From: Adam Rifkin -4K (adam@XeNT.ics.uci.edu)
Date: Sun Jan 09 2000 - 07:24:59 PST
> [By the way, the whole concept of "reverse merger" is a weird one, as
> pointed out by the second article below. It could be as innocuous as
> not wanting to do IPO road shows, or as insidious as having something
> significant to hide, and investors will not know if it's one or the
> other until after the stock has risen 1000% or dropped 90%... or both...]
> I'd be happy to learn of counterexamples, but so far every time I've seen a
> reverse merger into a shell corporation, it's been someone with something
> significant to hide.
I see your point, though there are two examples from last year that I
can think of. The first was Interleaf, which as far as I can tell had
died after years of glory years ago... until "the e-content Company" --
an XML content management tools company, see http://www.xmlecontent.com/
-- crept into the shell of Interleaf last year. This in effect sent
LEAF's stock up 20 times in value last year as investors perceived
something good in the e-content Company.
The other example was a weird company called Scandinavia, which up until
last year was a -- get this -- Canary Island hotel and real estate
holding company based in the Cayman Islands, which traded on the Amex.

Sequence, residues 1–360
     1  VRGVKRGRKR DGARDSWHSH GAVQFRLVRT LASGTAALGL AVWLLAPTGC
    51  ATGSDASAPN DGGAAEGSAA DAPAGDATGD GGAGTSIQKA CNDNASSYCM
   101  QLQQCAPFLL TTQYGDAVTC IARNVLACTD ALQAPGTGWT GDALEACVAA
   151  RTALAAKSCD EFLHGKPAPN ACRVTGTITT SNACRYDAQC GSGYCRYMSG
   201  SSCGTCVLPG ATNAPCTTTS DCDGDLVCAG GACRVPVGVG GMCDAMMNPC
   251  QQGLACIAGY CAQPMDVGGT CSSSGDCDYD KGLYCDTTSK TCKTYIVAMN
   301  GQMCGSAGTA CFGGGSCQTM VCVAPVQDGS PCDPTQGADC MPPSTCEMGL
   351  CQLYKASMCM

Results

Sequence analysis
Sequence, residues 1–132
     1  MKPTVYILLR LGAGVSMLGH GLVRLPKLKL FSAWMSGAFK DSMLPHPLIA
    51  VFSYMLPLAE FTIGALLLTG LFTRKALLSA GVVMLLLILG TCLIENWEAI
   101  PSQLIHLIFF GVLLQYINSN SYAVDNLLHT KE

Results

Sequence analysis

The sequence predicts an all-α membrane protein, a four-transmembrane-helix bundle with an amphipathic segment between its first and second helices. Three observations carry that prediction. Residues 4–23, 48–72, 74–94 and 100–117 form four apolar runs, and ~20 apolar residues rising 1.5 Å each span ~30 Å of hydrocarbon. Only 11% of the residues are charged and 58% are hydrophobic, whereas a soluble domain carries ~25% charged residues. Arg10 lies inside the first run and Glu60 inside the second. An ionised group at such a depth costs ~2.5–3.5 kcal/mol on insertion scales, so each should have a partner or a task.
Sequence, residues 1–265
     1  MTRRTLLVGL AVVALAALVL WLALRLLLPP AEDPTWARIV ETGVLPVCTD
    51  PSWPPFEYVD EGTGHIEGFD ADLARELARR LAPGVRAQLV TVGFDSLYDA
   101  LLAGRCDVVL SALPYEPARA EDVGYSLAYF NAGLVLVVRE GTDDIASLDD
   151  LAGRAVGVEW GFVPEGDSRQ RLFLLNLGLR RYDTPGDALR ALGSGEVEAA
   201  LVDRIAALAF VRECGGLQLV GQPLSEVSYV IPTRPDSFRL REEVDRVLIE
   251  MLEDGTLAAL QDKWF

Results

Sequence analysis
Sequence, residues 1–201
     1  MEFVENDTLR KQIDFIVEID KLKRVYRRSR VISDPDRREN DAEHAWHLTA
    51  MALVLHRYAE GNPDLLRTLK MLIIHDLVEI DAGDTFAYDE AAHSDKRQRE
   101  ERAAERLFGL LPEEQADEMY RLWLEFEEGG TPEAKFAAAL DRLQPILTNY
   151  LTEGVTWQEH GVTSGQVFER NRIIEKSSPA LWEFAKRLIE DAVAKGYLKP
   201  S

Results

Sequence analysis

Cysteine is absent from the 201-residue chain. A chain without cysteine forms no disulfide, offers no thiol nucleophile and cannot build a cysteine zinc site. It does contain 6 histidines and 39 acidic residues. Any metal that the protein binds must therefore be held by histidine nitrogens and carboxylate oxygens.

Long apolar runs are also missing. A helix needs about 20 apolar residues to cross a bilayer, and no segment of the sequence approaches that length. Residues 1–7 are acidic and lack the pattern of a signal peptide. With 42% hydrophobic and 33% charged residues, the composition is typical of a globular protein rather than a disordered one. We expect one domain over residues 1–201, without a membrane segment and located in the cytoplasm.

Last April a company called Mirror Image Internet -- see
http://www.mirror-image.com/ -- crept into that shell. It gets better.
The company changes its name to Xcelera.com, and proceeds to strike
deals with Microsoft, Oracle, Inktomi, Hewlett Packard, and EMC. When
last I checked, XLA's stock had split 3 times in 6 months and is up
roughly 150 times where it was a year ago.
Now, whether "the new Interleaf" and "the new Xcelera" are legitimate
businesses remains to be seen. Heck, Xcelera is still based in the
But I guess the "granddaddy of all reverse merger stories" is CMGI,
which was a maintainer of direct marketing mailing lists for college
textbooks when the BookLink browser crew crept into the company. A few
months later they sold BookLink to AOL for $30 million in 1994 AOL
stock; by the time they sold they had $70 million in cash which they
used to buy Lycos and GeoCities, plus start Engage. Numerous
acquisitions and spinoffs later, in 2000 they are now worth $34 billion.
At least, on paper they are. Still, that's a far cry from their IPO in
1994 at $10 million. They parlayed the "shell game" into the
top-performing stock of the last five years, though I hear Xcelera is
gaining ground fast...
Comparisons of present-day Internet Capital Group and General Motors...
ICGE GM Market Cap $45B $47B Price/Earnings 10,220 7.6 Price/Sales 2041 .28 Price/Book 105 2.9 Price/Cash Flow 673 2.6 Dividend Yield 0% 2.67% Employees 35 594,000
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